With stocks at record highs, what’s priced in (or not)?

With stocks at record highs, what’s priced in (or not)?

With stocks trading at record highs, I’d argue that nothing is as important as what “news” is priced in–or not. If stocks have priced in all the likely good news, then there’s much less to drive prices higher–and much more expansive possibilities for drops on disappointments. If there’s likely good news that’s not yet priced in, then stocks have potential fuel to move high. And, on the other hand, if bad news is priced in and fails to materialize, then, hey, we’re going higher from here. And if bad news isn’t priced in, then current record prices aren’t sustainable.

Beware the bond market’s duration bomb

Beware the bond market’s duration bomb

As bond yields have tumbled because of the Federal Reserve’s lower interest rates for longer monetary stance, investors have compensated by buying longer duration bonds. The logic is pretty simply. A one-year Treasury now yields 0.11%. A two-year Treasury pays 0.45%. A five-year Treasury yields 1.18%. The benchmark 10-year Treasury was paying 1.61% at the close today, October 26. Want more yield? You can buy the 30-year Treasury for a yield of 2.04%. The problem is that the longer the duration of a bond–the more time until maturity–the bigger the downward move in bond prices if/when the Federal Reserve decides to raise interest rates or if/when the financial markets decide to anticipate a Fed move by selling bonds ahead of any move by the U.S. central bank.

Is the Goldilocks market ready for challenges from the bears?

Is the Goldilocks market ready for challenges from the bears?

You can see yesterday’s stock rally and its continuation today as a return of the Goldilocks market. Yesterday, for example, inflation, if you look just at core inflation–that is without food and energy prices–looked strong enough to make the Federal Reserve very cautious about removing monetary stimulus from the economy, but core inflation wasn’t so strong that it sent up warning flares. And today, the drop in initial claims for unemployment to 293,000 (for the week ended October 9) for a new Pandemic low argues that the economy continues to improve but that the economy in general and the job market in particular are neither too hot nor too cold In other words a Goldilocks scenario.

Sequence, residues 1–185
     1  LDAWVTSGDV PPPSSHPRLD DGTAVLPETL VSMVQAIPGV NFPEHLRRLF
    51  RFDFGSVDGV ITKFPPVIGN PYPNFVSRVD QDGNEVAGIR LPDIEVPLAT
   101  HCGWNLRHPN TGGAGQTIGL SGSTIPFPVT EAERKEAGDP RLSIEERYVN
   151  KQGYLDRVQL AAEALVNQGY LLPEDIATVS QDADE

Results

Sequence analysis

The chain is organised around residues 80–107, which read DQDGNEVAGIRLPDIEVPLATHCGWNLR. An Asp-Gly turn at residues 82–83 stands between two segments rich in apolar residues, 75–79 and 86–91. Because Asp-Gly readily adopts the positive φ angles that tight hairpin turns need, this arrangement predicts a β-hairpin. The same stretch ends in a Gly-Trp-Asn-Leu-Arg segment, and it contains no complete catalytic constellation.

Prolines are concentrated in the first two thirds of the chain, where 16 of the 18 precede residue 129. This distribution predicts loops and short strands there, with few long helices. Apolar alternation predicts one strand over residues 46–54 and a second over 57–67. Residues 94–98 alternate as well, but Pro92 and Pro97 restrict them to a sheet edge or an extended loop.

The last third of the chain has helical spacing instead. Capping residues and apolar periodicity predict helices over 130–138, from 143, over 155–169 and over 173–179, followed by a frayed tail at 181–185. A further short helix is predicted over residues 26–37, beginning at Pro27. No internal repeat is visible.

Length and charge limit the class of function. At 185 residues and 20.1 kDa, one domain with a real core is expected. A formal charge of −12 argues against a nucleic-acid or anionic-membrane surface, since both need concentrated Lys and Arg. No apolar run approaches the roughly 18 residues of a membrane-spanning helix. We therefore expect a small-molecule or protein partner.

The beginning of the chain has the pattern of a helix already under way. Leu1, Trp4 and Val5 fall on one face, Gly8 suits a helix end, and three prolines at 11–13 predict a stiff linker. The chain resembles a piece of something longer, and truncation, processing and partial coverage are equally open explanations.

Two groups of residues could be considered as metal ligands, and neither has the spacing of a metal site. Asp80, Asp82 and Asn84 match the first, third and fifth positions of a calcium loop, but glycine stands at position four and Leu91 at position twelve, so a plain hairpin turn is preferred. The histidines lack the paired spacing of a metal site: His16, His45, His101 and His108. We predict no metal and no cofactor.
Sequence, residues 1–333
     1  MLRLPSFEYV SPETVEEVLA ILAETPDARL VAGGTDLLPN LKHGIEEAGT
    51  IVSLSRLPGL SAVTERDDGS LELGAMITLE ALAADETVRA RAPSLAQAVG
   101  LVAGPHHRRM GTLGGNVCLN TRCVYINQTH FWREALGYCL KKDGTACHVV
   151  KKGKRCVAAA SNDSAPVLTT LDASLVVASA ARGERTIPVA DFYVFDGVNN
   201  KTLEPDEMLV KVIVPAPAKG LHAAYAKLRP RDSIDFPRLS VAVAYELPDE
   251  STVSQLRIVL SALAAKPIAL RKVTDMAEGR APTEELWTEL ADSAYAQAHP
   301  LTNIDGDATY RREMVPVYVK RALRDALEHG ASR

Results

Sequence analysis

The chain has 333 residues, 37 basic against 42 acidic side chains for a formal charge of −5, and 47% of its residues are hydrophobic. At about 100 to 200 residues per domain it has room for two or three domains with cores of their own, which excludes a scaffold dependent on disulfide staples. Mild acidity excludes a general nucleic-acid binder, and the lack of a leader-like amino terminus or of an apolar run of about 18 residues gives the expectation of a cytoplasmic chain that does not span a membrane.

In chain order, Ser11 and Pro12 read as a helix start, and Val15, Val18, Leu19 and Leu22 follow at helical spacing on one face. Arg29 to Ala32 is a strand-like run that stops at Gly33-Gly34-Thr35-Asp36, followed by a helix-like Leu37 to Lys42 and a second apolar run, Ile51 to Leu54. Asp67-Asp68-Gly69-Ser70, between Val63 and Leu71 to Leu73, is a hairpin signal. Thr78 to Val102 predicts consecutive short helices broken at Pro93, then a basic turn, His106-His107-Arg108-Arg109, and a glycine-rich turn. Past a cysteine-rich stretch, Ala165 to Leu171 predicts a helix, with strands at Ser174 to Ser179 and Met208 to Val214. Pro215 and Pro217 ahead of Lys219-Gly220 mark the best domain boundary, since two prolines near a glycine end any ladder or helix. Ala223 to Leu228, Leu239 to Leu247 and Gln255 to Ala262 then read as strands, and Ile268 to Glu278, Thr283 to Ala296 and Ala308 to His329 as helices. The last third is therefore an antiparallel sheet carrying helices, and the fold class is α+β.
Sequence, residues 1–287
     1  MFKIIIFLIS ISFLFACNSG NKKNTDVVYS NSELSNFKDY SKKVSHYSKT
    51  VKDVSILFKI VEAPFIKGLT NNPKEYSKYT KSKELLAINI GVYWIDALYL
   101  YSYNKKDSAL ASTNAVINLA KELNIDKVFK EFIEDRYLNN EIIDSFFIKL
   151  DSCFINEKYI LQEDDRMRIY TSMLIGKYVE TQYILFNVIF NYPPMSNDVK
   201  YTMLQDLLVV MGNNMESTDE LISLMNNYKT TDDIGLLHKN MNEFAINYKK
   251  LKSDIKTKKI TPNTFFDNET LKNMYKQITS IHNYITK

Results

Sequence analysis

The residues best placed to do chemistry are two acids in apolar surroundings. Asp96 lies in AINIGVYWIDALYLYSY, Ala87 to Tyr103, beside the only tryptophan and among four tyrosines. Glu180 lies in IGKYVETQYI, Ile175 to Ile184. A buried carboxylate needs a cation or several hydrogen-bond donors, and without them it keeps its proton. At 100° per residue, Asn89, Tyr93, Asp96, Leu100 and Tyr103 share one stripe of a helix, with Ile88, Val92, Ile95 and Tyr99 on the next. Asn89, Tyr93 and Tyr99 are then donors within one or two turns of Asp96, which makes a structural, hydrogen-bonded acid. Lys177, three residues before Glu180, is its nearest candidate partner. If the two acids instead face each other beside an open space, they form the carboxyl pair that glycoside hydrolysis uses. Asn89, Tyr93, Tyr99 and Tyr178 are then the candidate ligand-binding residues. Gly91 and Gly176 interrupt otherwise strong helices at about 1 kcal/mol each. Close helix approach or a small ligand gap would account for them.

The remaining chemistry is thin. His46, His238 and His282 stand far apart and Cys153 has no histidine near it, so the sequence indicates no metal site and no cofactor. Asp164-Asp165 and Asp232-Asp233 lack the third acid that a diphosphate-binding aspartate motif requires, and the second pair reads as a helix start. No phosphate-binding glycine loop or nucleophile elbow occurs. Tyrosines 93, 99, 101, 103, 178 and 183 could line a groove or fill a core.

Friday’s jobs report for November is even more important than usual for stocks

Tomorrow’s September jobs number is the BIG DEAL for this week

Economists surveyed by Bloomberg are expecting the economy to have added 500,000 jobs in September. Anything way above or way below the number will move expectations on when the Federal Reserve will begin to reduce its monthly purchases of Treasuries and mortgage-backed assets from the current level of $120 billion a month. That taper is being widely watched as an indicator of when the Federal Reserve might raise interest rates themselves.

PCE Inflation accelerated in August

PCE Inflation accelerated in August

The Personal Consumption Expenditures index, the Federal Reserve’s preferred inflation measure, acce... To subscribe to JAM you need to fill in some details below including, ahem, some info on how you'll pay us. A subscription is $199 (although if you're subscribing...